Neil Gordon’s business prowess was well known.
He helped turn a single chemist in Donaghadee into a network spanning both sides of the Irish Sea.
Today the firm which bears his name, and which he co-founded with his brother Robert, employs around 800.
What he was perhaps less well known for were his charitable endeavours.
For one, the Christian elder was a board member of the charity service known as the SOS Bus.
Commonly seen in Shaftesbury Square, this gigantic yellow vehicle helps often drunk and drug-addled revellers late at night in the Province’s capital, offering everything from soup to medical support.
The north Down-based entrepreneur was also a trustee of the Lighthouse Trust.
Founded in 1997, it assists children with cerebral palsy, offering them an eight-week summer school.
He was a co-founder of the Donaghadee Community Workforce, designed to help the long-term unemployed back into work via socially-useful projects, and was also one of the executive members of Belfast City Centre Management since 2004, rising to the rank of vice-president and remaining active in it right up until his death.
He also earned various posts and accolades within the industry.
Lastly, in his spiritual life, he was also an elder in Donaghadee’s Shore Street Presbyterian.
His contributions to civic life were cut short when he died on June 20, aged 61, following a fight against colorectal cancer.
He had been born in Newry on October 17, 1952.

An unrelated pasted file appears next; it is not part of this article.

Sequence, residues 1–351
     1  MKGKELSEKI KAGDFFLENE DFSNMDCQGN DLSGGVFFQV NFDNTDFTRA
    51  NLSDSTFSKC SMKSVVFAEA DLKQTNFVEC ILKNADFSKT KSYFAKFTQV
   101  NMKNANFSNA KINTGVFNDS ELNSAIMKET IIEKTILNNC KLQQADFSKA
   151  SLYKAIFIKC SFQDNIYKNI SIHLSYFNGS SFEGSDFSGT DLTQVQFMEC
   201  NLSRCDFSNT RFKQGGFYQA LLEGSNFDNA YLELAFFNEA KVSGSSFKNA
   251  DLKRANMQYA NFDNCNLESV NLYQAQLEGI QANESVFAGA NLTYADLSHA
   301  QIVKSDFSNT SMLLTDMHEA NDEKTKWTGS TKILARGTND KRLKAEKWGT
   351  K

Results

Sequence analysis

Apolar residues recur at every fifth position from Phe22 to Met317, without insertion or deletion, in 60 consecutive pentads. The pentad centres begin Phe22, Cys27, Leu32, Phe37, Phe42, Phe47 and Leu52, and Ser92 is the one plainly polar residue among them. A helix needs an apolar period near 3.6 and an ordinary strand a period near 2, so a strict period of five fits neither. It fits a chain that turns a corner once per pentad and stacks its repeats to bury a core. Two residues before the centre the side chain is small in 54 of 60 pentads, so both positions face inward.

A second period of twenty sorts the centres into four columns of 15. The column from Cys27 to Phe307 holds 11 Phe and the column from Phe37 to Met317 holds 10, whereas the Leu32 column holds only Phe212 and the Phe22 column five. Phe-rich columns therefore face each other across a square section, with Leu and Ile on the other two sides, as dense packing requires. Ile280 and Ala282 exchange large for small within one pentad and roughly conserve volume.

The son of a farmer, and one of five children, he was educated at Newry Model Primary, Newry Grammar, then the University of Bradford, where he studied pharmacy.
He had worked at his uncle’s pharmacy in his early teens, and it was when he was in his late 20s that the first branch of the company was opened.
This eventually went on to become a network of 62 shops, covering both Northern Ireland and Scotland.
It was at the time of this initial opening that he met Carol, his future wife.
His funeral heard that expanding the business seemed like a fun adventure to him; scarcely like work.
However, around the turn of the millennium, Mr Gordon began a long battle with cancer.
In its latter stages, he had to go to Germany for treatment.
His faith and the support of fellow churchgoers aided him, and he was said to have borne his burden with – as one brother put it – “unbelievable courage, strength and determination”.
Neil’s legacy, he added, would be the example he set in always thinking of others.
He is survived by his siblings, mother Jean, widow Carol, their children Ryan, Gareth and Fiona, as well as his grandchildren, Jack and Emily.
Around 700 people came to his funeral at St James’ Anglican Church, Holywood, on June 23. He is buried at Newry Road Cemetery, Banbridge.